[Python-Dev] Require loaders set __package__ and __loader__

Brett Cannon brett at python.org
Sun Apr 15 00:58:00 CEST 2012

On Sat, Apr 14, 2012 at 18:41, Christian Heimes <lists at cheimes.de> wrote:

> Am 15.04.2012 00:32, schrieb Guido van Rossum:
> > Funny, I was just thinking about having a simple standard API that
> > will let you open files (and list directories) relative to a given
> > module or package regardless of how the thing is loaded. If we
> > guarantee that there's always a __loader__ that's a first step, though
> > I think we may need to do a little more to get people who currently do
> > things like open(os.path.join(os.path.basename(__file__),
> > 'some_file_name') to switch. I was thinking of having a stdlib
> > function that you give a module/package object, a relative filename,
> > and optionally a mode ('b' or 't') and returns a stream -- and sibling
> > functions that return a string or bytes object (depending on what API
> > the user is using either the stream or the data can be more useful).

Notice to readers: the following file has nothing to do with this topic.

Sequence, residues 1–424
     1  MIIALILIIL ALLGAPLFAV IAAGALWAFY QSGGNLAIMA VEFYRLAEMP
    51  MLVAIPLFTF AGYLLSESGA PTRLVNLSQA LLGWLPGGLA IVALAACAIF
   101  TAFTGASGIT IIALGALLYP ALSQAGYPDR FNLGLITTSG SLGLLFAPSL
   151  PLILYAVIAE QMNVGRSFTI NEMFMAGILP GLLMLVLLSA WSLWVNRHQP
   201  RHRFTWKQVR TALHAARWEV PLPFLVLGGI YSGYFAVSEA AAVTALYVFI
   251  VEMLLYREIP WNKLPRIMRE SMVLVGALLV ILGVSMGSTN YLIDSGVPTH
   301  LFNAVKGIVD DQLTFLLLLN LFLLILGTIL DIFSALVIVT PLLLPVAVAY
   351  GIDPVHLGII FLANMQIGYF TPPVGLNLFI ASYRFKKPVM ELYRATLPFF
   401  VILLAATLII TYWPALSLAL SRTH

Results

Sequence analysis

> > What would we call thos functions and where would the live?
> pkg_resources has a similar API [1] that supports dotted names.
> pkg_resources also does some caching for files that aren't stored on a
> local file system (database, ZIP file, you name it). It should be
> trivial to support both dotted names and module instances.
But that begs the question of whether this API should conflate module
hierarchies with file directories. Are we trying to support reading files
from within packages w/o caring about storage details but still
fundamentally working with files, or are we trying to abstract away the
concept of files and deal more with stored bytes inside packages? For the
former you would essentially want the root package and then simply specify
some file path. But for the latter you would want the module or package
that is next to or containing the data and grab it from there.

And I just realized that we would have to be quite clear that for namespace
packages it is what is in __file__ that people care about, else people
might expect some search to be performed on their behalf. Namespace
packages also dictate that you would want the module closest to the data in
the hierarchy to make sure you went down the right directory (e.g. if you
had the namespace package monty with modules spam and bacon but from
different directories, you really want to make sure you grab the right
module). I would argue that you can only go next to/within
modules/packages; going up would just cause confusion on where you were
grabbing from and going down could be done but makes things a little


> Christian
> [1]
> http://packages.python.org/distribute/pkg_resources.html#resourcemanager-api
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